The Turkish economy -- which lost most of its momentum during last year's invasion of Cyprus -- faces an uncertain future against the international forces of inflation and unemployment as well as a battery of domestic ills.
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Background: The Turkish economy -- which lost most of its momentum during last year's invasion of Cyprus -- faces an uncertain future against the international forces of inflation and unemployment as well as a battery of domestic ills.
Last year Turkey's trade deficit jumped by nearly 170 per cent to 833 million points sterling (two billion U.S. dollars). Rocketing import prices -- particularly of crude oil -- the recession in West Germany, where the bulk of Turkey's vast army of expatriate workers are employed -- and a falling off in demand for Turkey's often high-proceed exports, particularly cotton and cotton textiles, has led to the record deficit.
However, the figure will have been mostly offset by the huge invisible flow of money back into the country earned by expatriate Turks.
The invasion of Cyprus which cost the Turkish Treasury an estimated 440 million pounds sterling (one billion U.S. dollars), and the six-month-old Government crisis that it precipitated, have retarded efforts to contain the twin evils of inflation and unemployment.
Consumer prices forged ahead by 30 per cent last year -- bringing some food-and-commodity shortages -- although wages were generally able to keep up, and even go ahead.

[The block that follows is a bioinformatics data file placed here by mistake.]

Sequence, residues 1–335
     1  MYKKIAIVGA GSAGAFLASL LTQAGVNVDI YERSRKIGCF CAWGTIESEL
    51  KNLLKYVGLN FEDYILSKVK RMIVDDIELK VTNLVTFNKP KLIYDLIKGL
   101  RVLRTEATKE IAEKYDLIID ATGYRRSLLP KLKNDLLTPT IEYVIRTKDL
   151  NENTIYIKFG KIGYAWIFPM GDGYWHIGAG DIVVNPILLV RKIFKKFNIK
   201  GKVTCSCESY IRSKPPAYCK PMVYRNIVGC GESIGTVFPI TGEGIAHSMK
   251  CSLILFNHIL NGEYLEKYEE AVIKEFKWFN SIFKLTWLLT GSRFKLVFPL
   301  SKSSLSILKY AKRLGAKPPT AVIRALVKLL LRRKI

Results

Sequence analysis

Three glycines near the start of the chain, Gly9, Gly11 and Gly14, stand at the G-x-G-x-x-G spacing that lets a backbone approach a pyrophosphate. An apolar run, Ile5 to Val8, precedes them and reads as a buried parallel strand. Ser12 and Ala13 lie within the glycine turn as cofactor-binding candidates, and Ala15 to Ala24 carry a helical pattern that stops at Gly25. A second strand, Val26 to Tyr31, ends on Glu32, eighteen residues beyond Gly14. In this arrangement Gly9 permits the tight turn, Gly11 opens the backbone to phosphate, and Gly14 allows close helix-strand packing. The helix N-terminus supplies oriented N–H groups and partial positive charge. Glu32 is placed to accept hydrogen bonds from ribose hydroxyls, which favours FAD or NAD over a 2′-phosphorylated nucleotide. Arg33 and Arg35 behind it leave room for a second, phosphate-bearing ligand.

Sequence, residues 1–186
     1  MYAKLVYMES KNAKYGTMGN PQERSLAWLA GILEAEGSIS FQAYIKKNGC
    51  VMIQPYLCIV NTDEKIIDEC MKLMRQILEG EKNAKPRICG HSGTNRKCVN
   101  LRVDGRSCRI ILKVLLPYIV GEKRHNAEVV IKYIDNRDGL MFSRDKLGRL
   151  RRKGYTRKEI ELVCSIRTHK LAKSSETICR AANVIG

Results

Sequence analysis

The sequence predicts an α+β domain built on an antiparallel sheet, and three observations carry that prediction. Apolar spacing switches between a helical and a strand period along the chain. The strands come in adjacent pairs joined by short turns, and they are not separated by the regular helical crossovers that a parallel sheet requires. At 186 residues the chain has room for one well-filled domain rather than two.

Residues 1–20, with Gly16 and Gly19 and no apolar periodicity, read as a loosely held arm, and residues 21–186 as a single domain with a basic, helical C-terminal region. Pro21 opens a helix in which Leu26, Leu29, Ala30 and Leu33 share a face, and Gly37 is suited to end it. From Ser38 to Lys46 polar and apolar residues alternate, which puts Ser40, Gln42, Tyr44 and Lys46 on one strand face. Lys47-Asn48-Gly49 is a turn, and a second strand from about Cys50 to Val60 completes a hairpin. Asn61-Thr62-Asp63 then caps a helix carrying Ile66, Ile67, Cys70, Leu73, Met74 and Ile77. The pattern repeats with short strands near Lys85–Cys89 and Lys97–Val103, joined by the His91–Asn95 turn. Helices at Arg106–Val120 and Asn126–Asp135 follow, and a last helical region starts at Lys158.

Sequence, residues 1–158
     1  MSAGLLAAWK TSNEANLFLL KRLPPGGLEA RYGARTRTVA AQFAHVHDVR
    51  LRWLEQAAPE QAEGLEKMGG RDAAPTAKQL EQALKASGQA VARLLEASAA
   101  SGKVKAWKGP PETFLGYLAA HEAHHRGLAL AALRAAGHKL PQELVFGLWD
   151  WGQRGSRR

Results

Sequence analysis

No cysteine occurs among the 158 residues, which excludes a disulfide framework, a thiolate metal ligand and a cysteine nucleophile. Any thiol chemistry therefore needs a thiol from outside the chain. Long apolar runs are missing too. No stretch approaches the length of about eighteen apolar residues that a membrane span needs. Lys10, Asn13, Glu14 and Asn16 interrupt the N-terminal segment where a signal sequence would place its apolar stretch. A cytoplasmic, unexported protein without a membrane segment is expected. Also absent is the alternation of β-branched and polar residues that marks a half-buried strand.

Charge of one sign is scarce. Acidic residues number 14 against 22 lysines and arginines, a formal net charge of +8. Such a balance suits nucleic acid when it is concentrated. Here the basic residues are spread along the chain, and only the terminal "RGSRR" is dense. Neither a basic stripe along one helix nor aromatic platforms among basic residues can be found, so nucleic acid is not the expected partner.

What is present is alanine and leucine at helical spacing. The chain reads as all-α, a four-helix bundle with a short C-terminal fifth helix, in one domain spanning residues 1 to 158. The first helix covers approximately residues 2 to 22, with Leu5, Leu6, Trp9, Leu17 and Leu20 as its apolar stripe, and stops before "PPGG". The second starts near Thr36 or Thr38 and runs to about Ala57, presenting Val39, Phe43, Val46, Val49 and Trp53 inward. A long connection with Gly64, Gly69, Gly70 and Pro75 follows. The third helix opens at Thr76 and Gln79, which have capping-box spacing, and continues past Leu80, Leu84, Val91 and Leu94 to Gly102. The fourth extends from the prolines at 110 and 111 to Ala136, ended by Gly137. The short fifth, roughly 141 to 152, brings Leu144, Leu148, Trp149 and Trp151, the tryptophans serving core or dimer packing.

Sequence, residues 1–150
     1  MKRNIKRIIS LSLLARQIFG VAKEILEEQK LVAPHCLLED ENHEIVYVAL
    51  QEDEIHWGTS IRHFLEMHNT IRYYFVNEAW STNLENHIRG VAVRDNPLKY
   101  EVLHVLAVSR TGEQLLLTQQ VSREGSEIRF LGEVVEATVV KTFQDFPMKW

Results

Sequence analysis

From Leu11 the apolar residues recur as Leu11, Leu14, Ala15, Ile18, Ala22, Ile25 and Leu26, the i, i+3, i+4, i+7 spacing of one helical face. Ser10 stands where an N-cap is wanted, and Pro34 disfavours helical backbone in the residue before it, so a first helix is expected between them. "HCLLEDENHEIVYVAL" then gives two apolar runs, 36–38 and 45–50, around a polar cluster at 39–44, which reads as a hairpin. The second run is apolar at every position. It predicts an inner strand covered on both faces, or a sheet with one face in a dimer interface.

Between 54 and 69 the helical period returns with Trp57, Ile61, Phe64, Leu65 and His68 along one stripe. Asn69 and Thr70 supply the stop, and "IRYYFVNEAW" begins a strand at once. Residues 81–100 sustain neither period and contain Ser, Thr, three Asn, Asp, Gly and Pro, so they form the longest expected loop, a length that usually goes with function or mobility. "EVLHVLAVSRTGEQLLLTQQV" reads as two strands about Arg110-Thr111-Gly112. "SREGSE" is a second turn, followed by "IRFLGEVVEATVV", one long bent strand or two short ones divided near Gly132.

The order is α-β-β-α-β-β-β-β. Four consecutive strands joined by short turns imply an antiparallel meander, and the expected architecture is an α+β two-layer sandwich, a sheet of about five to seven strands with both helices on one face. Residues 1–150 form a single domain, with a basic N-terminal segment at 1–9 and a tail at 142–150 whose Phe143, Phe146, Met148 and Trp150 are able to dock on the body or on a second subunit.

Unemployment hovers around 14 per cent in this country of 40 million people with a work-force of about 16.3 million, mainly agricultural workers.
A major support to Turkey's economy is its foreign currency reserves which have been falling, but still total a healthy 710 million pounds sterling (1.7 billion U.S. dollars).
And, although the outlook for this year's balance of payments is not bright, Turkey has set itself an export target a third higher than last year's, and is spending more money on defence than ever before -- largely because of the withdrawal of United States' aid.
For the man-in-the-street there are certain special advantages of life in this strategic east Mediterranean country. Food is cheap -- in stark contrast to cars, cigarettes and the like -- and, although housing prices are high, there is a law which gives automatic freehold ownership of a piece of land to anyone who can erect a house on it overnight.